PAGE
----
- Introduction Is the Public Square Still Naked?
In 1984, the Protestant minister Richard John Neuhaus published a groundbreaking book, The Naked Public Square. Articulating a critique that would serve as a profoundly influential touchstone for a generation of religious intellectuals, Neuhaus lamented that the public life of the nation no longer included a significant or sufficient recognition of a common religious foundation. The public sphere was "naked," stripped of its legitimate status as a place of moral discourse. A Lutheran who would soon convert to Catholicism and a onetime liberal in the process of becoming a neoconservative, Neuhaus argued that "politics is in large part a function of culture." Beyond that, he proposed, "at the heart of culture is religion," whether or not it is called by that name.1 Without a shared religious point of reference, no society could debate or resolve conflicts in values. The Moral Majority Coalition, founded just five years earlier, might have too strident a view, he argued, but it had made a crucial point: religion not only has a role in politics; it is at the heart of the enterprise. Readers then and later would see The Naked Public Square as a formative, early salvo in what would come to be understood (with only partial accuracy) as the "culture wars" between a liberalizing, secularizing, multicultural America on the one hand, and a more traditional, conservative, and religious nation on the other.
Twenty years later, as part of a symposium on the book's legacy published in the journal First Things, the legal scholar Mary Anne Glendon looked back in anger at the changes that had taken place since the 1980s. Since Neuhaus wrote, she contended, the secularization of society and the marginalization of religious belief had only intensified. Legal rulings and public policies were tightening the space of religious expression. And "state-sponsored secularism" was eroding the ability of religious institutions to function freely (requiring, for example, that Catholic Charities provide health care to its employees that included prescription drug coverage for contraceptives). Writing three years after September 11, Glendon proffered what was surely intended as a chilling comparison: [End Page 527]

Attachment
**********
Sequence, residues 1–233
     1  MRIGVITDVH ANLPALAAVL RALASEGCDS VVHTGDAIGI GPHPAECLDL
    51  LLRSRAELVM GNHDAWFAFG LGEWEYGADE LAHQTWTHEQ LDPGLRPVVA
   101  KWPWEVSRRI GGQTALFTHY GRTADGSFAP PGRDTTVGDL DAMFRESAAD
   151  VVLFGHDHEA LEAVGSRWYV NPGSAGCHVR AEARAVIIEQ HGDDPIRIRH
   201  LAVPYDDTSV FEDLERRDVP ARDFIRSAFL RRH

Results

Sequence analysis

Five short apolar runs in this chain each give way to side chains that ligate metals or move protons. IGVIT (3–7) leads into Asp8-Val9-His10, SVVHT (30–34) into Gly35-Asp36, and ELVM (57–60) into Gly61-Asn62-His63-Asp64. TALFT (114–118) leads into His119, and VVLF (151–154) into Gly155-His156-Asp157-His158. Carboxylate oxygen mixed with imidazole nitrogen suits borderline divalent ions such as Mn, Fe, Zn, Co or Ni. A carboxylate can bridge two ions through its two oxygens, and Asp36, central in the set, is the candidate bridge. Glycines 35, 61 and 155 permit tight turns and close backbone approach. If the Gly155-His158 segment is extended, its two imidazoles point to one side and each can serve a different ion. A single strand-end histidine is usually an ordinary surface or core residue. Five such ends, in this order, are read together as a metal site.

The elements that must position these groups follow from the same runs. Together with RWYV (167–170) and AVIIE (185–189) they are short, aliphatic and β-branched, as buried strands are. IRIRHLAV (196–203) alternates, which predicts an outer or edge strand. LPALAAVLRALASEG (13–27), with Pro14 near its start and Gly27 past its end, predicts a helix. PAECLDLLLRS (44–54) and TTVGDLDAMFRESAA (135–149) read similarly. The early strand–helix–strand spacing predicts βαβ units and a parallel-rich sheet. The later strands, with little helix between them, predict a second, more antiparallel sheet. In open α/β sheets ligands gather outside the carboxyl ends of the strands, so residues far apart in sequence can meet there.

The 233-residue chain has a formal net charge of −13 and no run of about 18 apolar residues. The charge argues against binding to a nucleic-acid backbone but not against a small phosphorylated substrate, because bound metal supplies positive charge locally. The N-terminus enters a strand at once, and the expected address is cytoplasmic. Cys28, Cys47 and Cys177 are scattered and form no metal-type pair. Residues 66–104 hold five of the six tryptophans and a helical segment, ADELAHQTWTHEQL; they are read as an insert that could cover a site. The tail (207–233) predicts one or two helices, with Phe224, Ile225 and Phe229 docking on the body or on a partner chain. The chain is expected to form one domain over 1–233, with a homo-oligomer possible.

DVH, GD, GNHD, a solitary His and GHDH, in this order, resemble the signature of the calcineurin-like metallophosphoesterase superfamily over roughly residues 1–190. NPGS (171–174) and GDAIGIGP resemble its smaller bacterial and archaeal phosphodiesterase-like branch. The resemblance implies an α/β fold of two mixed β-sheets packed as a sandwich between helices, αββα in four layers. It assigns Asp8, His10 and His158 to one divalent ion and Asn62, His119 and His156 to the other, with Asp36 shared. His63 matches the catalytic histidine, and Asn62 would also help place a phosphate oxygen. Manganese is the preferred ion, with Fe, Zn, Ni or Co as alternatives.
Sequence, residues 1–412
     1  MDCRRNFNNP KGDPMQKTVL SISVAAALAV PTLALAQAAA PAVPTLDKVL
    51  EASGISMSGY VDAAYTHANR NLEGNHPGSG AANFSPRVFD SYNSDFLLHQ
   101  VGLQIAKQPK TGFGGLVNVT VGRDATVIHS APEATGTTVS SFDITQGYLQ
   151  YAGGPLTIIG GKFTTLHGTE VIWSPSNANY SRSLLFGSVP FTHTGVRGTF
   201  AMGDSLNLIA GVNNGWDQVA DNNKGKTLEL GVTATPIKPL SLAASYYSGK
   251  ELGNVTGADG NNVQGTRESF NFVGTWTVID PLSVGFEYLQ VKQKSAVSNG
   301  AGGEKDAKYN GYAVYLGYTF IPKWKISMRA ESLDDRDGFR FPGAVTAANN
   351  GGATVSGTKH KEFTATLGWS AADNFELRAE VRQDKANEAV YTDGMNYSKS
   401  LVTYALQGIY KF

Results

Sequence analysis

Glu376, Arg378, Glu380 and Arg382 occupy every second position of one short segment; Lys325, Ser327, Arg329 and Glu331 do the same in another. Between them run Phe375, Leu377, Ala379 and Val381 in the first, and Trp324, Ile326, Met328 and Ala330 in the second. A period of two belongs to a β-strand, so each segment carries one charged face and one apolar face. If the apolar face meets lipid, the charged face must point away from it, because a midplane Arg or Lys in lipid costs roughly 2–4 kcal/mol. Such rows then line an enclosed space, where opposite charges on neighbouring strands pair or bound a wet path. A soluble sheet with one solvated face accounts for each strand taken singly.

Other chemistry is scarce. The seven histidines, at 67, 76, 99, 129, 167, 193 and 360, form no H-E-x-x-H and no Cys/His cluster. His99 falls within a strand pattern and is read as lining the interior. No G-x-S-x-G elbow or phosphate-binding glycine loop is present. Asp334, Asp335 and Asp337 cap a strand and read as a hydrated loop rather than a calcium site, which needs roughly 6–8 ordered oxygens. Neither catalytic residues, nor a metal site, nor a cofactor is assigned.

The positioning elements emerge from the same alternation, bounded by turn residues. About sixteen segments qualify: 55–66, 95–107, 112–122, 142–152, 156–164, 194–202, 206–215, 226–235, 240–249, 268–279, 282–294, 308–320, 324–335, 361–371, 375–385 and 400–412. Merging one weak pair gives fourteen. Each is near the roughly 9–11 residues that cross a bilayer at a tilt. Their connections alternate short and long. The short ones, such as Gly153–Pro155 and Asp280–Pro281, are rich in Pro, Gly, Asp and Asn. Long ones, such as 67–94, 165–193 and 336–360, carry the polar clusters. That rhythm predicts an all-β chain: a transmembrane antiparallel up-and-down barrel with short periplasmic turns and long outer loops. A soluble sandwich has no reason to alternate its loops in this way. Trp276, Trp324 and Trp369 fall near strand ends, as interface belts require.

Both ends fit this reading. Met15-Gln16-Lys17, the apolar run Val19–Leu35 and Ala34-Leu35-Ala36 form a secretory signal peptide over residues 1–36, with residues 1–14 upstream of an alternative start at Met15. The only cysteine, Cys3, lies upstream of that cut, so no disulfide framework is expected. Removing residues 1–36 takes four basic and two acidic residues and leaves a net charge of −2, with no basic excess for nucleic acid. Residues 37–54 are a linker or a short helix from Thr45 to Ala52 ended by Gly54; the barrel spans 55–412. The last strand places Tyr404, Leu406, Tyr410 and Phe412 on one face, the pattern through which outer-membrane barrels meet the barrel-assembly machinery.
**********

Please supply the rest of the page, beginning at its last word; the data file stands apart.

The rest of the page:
If present legal trends continue, it is not fanciful to suppose that the situation of religious believers in secular America will come to resemble dhimmitude—the status of non-Muslims in a number of Islamic countries.
The dhimmi is tolerated so long as his religion is kept private and his public acts do not offend the state religion. Naturally, key positions in society must be reserved to those who adhere to the official creed.2
Glendon could assume that many readers would share her sense of persecution: by the early twenty-first century, despite the ubiquitous influence of religious discourse in U.S. public life, it was not uncommon for religious people, Christians in particular, to declare themselves under siege.
Glendon is a profoundly conservative intellectual, and her level of panic about the imminent demise of the rights of believers surely sets her apart from the vast majority of religious people in the United States. But her concerns were not unique. Although conservative Christians have been most vocal about decrying "the war on Christians" (not to mention the related "war on Christmas"), commentators across the political spectrum have expressed increasingly outspoken concerns about the "marginalization" of faith. From Joseph Lieberman to Barack Obama, from liberal evangelicals to mainstream Muslims, politicians and observers have decried the lack of attention to religion, and lack of respect for religious people, in U.S. politics. Not for the first time in U.S. history, there is a profound sense of crisis about the unsettled relationship between religion and politics in our public life.
These concerns, although in some sense perennial ones, conspicuously quickened after September 11, 2001. In the wake of the attacks, which instantly became identified with the shadowy category of "Islamic fundamentalism," Islam was repeatedly vilified; indeed, by 2004, 44 percent of people in the United States said they believed that "Islam was a religion of violence."3 Policymakers and pundits, aware of the delicacy of this situation and cognizant of the implications with regard to...